In 2018, the US Supreme Court overturned the Professional and Amateur Sports Protection Act. The ruling cleared the way for all states to create laws that govern sports betting in their jurisdictions. By the end of 2022, 36 states and Washington D.C. had legalized sports betting.
At least 5 states, including Georgia, Kentucky, Minnesota, Missouri, and North Carolina, are expected to legalize sports betting in 2023. Legislators seem to have finally embraced sports betting legalization, but unfortunately, the internet casino sector seems forgotten.
Internet casino legalization is yet to gain attention
So far, only six states have a legal iCasino sector. They are New Jersey, Michigan, Pennsylvania, Delaware, Connecticut, and West Virginia. New Jersey online casino sites were legalized in 2013, being the first in the industry. As of December 2022, there were 30 online casinos in the state. Combined, the iGaming sector in the state generated $ 1 billion in gross revenue. Regardless of the good performance, legislators are yet to give attention to the sector.
Progress might seem to have hit a dead-end but industry watchers Eilers & Krejcik Gaming has a different opinion. Recently, the research and consulting firm noted the U.S. online casino sector might have reached a plateau meaning there might not be further growth. However, this is just a pause, and the sector will pick up again.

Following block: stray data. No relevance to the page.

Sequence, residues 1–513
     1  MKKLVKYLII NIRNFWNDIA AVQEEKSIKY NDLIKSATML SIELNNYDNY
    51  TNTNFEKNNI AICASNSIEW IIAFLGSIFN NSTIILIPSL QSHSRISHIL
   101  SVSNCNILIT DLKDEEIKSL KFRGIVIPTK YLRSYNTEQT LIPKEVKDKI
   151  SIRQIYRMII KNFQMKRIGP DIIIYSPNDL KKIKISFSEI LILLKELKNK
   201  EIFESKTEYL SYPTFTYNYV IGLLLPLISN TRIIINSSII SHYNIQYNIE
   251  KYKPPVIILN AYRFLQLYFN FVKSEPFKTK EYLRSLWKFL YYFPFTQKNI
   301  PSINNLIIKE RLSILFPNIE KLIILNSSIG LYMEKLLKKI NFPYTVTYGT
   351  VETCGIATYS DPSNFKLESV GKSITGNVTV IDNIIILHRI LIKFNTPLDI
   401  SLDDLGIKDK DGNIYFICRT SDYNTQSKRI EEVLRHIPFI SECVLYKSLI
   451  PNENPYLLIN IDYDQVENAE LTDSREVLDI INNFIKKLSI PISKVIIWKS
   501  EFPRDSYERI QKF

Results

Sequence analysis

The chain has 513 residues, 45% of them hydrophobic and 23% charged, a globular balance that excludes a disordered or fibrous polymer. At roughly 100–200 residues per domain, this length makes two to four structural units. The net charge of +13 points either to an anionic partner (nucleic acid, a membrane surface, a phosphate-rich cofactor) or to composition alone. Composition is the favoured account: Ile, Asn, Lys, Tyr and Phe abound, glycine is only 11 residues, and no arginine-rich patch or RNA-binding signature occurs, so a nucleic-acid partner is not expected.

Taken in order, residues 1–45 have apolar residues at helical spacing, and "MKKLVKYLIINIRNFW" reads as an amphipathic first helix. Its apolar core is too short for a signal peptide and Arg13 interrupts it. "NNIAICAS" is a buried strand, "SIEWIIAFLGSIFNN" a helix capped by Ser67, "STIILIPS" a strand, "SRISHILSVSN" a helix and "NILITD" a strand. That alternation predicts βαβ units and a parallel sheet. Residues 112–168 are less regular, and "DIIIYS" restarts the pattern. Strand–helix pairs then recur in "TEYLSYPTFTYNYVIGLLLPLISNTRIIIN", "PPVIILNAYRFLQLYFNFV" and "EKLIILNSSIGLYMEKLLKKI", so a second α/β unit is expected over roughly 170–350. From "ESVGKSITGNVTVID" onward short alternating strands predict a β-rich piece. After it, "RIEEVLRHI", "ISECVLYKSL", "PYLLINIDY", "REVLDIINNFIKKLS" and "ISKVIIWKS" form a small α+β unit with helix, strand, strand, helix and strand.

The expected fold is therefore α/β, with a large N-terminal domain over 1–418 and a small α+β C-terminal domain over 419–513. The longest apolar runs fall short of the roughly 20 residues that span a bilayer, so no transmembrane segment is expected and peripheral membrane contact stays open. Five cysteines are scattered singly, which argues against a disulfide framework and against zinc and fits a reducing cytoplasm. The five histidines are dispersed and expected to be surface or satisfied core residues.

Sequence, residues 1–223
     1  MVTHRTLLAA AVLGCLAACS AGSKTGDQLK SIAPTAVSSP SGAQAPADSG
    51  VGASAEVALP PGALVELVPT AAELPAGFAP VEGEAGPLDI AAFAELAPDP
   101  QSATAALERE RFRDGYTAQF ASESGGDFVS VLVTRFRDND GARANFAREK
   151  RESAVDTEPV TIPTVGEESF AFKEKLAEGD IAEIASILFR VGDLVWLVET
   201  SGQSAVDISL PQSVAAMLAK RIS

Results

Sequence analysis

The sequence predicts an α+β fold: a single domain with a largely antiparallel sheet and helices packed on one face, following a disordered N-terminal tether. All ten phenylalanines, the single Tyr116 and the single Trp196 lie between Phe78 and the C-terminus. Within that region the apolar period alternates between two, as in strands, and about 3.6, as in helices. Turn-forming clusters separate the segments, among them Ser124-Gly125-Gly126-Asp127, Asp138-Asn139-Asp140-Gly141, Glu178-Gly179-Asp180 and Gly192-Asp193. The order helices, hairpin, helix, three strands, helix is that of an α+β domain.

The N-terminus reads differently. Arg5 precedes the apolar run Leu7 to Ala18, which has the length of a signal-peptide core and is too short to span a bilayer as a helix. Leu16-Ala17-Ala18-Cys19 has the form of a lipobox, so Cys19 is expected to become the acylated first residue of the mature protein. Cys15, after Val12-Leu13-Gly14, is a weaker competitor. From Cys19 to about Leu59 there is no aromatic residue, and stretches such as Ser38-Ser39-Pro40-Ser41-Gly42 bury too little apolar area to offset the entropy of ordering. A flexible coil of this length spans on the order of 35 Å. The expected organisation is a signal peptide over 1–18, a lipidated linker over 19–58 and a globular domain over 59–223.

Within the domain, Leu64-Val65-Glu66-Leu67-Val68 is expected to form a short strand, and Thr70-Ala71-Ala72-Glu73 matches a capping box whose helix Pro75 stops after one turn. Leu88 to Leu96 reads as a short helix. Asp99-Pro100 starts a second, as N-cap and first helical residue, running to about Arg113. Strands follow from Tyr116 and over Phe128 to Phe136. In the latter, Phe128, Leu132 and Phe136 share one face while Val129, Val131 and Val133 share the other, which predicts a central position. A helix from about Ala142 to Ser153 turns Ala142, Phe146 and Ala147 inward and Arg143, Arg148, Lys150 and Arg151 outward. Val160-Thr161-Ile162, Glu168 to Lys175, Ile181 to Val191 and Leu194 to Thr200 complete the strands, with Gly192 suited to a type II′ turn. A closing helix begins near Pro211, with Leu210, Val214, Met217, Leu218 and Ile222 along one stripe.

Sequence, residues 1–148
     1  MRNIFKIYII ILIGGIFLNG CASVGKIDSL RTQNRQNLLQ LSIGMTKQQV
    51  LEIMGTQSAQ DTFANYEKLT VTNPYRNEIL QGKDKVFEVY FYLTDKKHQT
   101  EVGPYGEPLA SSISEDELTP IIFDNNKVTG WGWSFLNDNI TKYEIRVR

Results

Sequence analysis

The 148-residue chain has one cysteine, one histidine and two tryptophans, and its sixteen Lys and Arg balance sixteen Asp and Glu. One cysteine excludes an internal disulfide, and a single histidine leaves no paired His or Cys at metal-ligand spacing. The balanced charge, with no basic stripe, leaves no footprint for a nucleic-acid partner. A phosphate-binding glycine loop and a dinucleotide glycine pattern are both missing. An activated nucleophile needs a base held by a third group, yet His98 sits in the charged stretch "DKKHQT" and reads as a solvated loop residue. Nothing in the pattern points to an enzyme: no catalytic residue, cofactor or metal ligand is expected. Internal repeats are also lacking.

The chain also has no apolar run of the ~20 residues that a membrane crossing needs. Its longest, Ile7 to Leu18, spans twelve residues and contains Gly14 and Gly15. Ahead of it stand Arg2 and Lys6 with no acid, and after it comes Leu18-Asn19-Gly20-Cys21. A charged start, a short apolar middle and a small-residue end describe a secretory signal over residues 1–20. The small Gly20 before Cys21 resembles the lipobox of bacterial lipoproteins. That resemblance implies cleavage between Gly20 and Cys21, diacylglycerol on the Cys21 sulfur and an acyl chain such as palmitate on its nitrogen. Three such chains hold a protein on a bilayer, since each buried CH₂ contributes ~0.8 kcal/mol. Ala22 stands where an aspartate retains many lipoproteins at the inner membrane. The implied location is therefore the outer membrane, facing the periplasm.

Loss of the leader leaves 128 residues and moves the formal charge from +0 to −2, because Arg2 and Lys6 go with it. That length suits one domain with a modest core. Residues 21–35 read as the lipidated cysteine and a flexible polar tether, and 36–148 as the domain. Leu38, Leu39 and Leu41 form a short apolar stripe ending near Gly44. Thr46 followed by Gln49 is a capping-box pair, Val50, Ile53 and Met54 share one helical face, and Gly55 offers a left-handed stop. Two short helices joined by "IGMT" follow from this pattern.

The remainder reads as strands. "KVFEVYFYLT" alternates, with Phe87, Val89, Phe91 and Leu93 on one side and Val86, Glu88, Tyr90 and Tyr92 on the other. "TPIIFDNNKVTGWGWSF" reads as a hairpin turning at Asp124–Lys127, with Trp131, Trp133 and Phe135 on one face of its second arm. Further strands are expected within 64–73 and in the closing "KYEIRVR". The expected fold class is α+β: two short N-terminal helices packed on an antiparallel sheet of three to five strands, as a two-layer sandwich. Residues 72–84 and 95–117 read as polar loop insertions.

Richard Schwartz, CEO of Rush Street Interactive, says the sector, including land-based casinos, is heavily relying on funding to push for action from legislators. Only money will help the sector lobby for iGaming legislation, and stakeholders have shown greater support for the first time ever.
Wooing legislators to pass laws
Richard says the iGaming sector will begin to spend more money to woo lawmakers to see the benefit that passing iGaming legislation would bring to the states. According to Rebecca Giden, the Director of Policy for Eilers & Krejcik, there has been a lack of aggressiveness from stakeholders in the casino sector. They have hired the best programmers to design attractive games but have done little to push for legislation.
Surprisingly, several cultural barriers still exist in the 21st century, and many legislators are still opposed to allowing gambling in their states. They fail to see the benefits in terms of revenue.
Several states have shown interest in passing iGaming laws
All is not lost, though, amid fast-changing trends in iGaming. New York State Senator Joseph Addabbo says the state is yet to recover from slowed economic growth triggered by the pandemic. Regardless, he says the state is losing a lot of iGaming revenue to neighbors such as PA, NJ, and MI, who have already legalized the sector.
NY Legislators, including the governor, are ready to pass the laws and tap from iGaming revenue. NY is not alone, as lawmakers in states such as Illinois, Iowa, and Indiana are also willing to engage and create legalization bills. The wheels are already rolling across the states, and stakeholders view iGaming as a profitable sector in the long term.